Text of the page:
When I transitioned our kitten from an outdoor porch kitten to an indoor house kitten, he was displaying shy and fearful behaviors. New people, pots and dishes clanging, doorbell ringing, and the vacuum roaring all had him running for the Kitten Hidey Hills. The worst thing I could have done for him when these things frightened him was to ignore his behavior and assume he would grow out of it. I also knew better than to force him to face his fears.
Try the following techniques to help your kitten overcome her fear:
1. Create structure and stability for your kitten.
Creating a stable, safe environment will go a long way in helping your kitten overcome her fears. Then you can slowly introduce the Scary Thing to your kitten to help desensitize her to it and see that there’s nothing to be afraid of.
To help my scaredy cat, I began by setting up a feeding, grooming and play schedule; cats thrive on routine. This helped him to feel secure. Then I very carefully and gradually introduced our kitten to the thing or person that frightened him, very gradually, to not overwhelm him. I began to pair the (low level) Scary Thing with delicious treats, affection, or playtime. By slowly desensitizing and counter-conditioning him to the Scary Things, he learned that they weren’t so scary after all.
2. Remove your kitten from the scary situation.
One of the easiest things that you can do when your kitten is afraid is to remove her from the situation. This is what most frightened kittens would choose to do if they could. It’s also the best option if you and your kitten do not yet have the skills to effectively cope in the presence of a Scary Thing. If you cannot remove your kitten, you can help him by providing comfort.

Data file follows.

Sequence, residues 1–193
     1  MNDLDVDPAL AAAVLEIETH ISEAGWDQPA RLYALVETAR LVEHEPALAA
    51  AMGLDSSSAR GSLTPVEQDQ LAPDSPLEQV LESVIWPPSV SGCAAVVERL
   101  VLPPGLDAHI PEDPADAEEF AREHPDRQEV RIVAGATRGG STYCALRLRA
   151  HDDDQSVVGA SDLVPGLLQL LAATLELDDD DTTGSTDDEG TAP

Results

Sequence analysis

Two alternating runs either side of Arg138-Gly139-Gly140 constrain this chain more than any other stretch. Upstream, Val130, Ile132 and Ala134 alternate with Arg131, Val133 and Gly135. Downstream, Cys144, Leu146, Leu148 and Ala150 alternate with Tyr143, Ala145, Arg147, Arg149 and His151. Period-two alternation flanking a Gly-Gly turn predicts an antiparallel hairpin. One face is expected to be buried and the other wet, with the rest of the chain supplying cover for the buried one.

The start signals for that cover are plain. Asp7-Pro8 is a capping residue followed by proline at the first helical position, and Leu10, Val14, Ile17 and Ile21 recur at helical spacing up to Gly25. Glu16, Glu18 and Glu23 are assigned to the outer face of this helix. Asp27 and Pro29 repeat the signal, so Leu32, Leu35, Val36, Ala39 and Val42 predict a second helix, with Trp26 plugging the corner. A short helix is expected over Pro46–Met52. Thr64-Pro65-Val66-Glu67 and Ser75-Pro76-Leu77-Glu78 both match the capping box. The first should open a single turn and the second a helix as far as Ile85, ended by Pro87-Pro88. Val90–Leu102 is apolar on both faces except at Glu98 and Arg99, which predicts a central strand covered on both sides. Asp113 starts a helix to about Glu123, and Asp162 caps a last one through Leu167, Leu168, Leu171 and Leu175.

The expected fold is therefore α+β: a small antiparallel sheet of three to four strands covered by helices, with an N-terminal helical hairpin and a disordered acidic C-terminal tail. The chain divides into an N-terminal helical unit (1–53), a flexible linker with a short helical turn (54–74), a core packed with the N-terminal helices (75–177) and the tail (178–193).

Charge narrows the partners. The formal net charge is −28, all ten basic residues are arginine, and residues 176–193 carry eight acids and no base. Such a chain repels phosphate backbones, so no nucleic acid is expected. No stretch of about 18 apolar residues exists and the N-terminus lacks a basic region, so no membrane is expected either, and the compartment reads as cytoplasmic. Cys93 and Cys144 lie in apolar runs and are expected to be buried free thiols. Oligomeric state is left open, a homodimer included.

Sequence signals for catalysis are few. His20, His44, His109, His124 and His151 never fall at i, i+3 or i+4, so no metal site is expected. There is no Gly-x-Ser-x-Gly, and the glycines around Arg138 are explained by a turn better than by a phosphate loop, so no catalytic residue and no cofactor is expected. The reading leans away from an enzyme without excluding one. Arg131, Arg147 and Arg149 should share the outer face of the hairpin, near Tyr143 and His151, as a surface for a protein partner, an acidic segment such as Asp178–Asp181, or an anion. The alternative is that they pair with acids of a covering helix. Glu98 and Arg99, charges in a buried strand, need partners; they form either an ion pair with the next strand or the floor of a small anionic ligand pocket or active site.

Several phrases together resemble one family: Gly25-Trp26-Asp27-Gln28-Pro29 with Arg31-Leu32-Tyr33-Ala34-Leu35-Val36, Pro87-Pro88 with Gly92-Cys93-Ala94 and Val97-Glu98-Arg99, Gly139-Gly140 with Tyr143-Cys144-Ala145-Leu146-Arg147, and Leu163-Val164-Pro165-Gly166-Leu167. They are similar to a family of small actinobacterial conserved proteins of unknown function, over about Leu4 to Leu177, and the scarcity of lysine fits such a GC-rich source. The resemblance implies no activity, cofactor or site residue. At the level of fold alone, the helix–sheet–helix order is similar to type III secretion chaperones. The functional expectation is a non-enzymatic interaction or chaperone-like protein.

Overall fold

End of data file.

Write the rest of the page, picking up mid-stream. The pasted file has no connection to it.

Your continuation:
3. Comfort your kitten.
You have probably heard, “Don’t comfort your kitten when she is afraid! You’re just reinforcing her fear!” Can you imagine a mother tiger walking away from her offspring when her baby is afraid? When a wild animal’s offspring is unsure of something, their mother will comfort them — and that’s what we should be doing when our kitten is afraid.
Kittens need affection and reassurance. Both of these emotional needs help kittens to feel secure. A sense of security reduces fear and prevents anxiety. You have permission to calmly comfort your kitten when she is afraid. You are not reinforcing her fear.
4. Redirect your kitten’s attention.
Another tactic you can try when your kitten is showing fear is to redirect her focus onto something positive that will change the way she’s feeling. Ask yourself, What will make my kitten feel happy, relaxed or playful? I like to first offer tasty cat treats or food. If your kitten is too afraid to eat, you can try to engage your kitten in a gentle, casual game of chase-the-prey with a cat interactive toy. You can also talk gently to her.
Too Late In Life?
If you have a shy or fearful kitten who’s missed the prime socialization window, it’s not too late! Dr. Arguelles explains how you can help your kitten overcome her fears in her early years.
“If the kitten is under seven weeks of age, continued positive experiences and socialization will gradually help any shy kittens,” Arguelles says. “If it’s past the seven week mark, owners will have to work with the kitten slowly to build trust and develop a relationship. Keeping a routine, talking to the kitten, gentle petting and treat or cat food rewards can help strengthen the bond.”
If you embrace your kitten guardian role with love and devotion, you’ll raise a kitten with confidence, reduce her fears and create a strong bond between you and her — for life!
By: Amy Martin
Featured Image: MarynaVoronova/iStock/Thinkstock